Foreword to the Japanese Edition

   When I was first approached by the Herschel Society of Japan about a Japanese translation of my Victorian Amateur Astronomer, I felt very flattered and honoured. I am delighted that the project has now come to completion, and that my book is available to Japanese readers.

   At first I was intrigued that my book should have such an appeal to Japanese people – both astronomers and historians – for nineteenth-century England seems, in many ways, such a very different place from Japan.

   On further consideration, however, I came to realise that there were, in fact, quite a lot of parallels, especially between astronomers in Victorian Britain and their counterparts in modern Japan. And perhaps the most obvious of these is that love of technological ingenuity and invention which the Victorians had in abundance, and which the modern Japanese also share. For where the Victorian British pioneered the then modern technologies of steam engines, railways, electric telegraphy, mass-production manufacture, and optical instrumentation, so modern Japan has pioneered the twentieth- and twenty-first-century technologies of computing, electronics, motor-car engineering, and, again, optical instrumentation.

   Both Victorian Britain and modern Japan, moreover, were, and are, essentially commercial societies. Deeply capitalist in instinct and seeing free business markets as crucial to growth and prosperity, both have placed a high value upon business acumen. But where they differ, one might suggest, is in the nature of their business institutions; for while modern businesses worldwide are now practised within large corporate organisations controlled by boards of directors, those of Victorian Britain were invariably the products of individual ‘capitalists’. It could well be argued that the modern ‘corporate’ model of business is the natural historical outcome of the growth of business on the global level.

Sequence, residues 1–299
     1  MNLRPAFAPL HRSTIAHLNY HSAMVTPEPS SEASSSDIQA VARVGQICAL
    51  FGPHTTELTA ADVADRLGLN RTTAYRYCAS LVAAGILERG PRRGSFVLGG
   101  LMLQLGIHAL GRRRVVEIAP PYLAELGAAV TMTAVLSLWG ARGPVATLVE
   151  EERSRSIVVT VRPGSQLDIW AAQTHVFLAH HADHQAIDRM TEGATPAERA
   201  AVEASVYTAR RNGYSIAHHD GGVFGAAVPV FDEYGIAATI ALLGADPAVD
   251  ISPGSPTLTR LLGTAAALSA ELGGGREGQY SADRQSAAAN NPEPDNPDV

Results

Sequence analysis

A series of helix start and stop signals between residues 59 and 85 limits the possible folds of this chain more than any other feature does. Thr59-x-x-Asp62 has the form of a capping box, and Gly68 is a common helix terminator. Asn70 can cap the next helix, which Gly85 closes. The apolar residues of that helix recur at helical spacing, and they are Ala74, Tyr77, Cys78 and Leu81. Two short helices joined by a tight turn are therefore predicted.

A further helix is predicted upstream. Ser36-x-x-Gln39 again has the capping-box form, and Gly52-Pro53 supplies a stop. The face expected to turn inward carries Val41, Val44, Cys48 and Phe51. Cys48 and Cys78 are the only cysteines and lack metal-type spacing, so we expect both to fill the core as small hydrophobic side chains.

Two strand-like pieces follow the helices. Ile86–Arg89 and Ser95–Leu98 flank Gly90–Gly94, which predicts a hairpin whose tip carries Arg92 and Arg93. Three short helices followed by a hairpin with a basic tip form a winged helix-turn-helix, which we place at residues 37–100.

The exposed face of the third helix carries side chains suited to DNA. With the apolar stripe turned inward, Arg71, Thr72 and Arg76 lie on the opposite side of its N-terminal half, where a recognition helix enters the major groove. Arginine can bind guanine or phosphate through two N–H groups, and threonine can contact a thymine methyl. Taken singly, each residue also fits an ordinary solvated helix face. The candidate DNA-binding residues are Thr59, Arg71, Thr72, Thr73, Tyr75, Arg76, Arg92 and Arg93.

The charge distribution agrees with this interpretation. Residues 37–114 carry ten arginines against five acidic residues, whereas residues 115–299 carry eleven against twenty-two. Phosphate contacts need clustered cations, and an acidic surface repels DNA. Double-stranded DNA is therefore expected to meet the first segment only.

One might further suggest that both Great Britain and Japan are also societies which respect tradition and have a high regard for good manners and courtesy: attributes which I personally hold very dear.

   Yet what the modern Japanese share in a very big way with the Victorian British is a love of amateur observational astronomy. For just as nineteenth-century British astronomers were willing to spend large sums of money on designing and building ever larger and more powerful telescopes, so modern Japan has one of the most advanced amateur astronomical communities in the world. And just as Victorian amateurs pioneered double and variable star astronomy, and studied the surfaces of the moon and the planets, so their counterparts in modern Japan are some of the most dedicated and successful variable star, solar, and cometary astronomers. And both groups of astronomers, 140 years apart, have been at the forefront of technological innovation. For while the Victorian British amateurs were the first to make serious use of silver-on-glass mirrors and photography in astronomy, twentieth-century Japanese telescope manufacturers have not only produced instruments of superlative quality for the international market, but Japanese observers have been innovative in their use of CCD and computer image processing techniques as ways of seeing forever deeper into space.

   So the more that I think about it, the more I can understand how modern Japanese astronomers and historians of astronomy feel an intellectual and a technological affinity for the world of Sir William, Sir John, and Miss Caroline Herschel. For these three astronomers, in their love of observational research and technological ingenuity, have done much to inspire not only the scientists of Victorian Britain, but also those of modern Japan.

   My very best and warmest regards to the Herschel Society of Japan and to the people of Japan. I hope that you will enjoy my book.

Allan Chapman  March 2006










2006年3月  アラン・チャップマン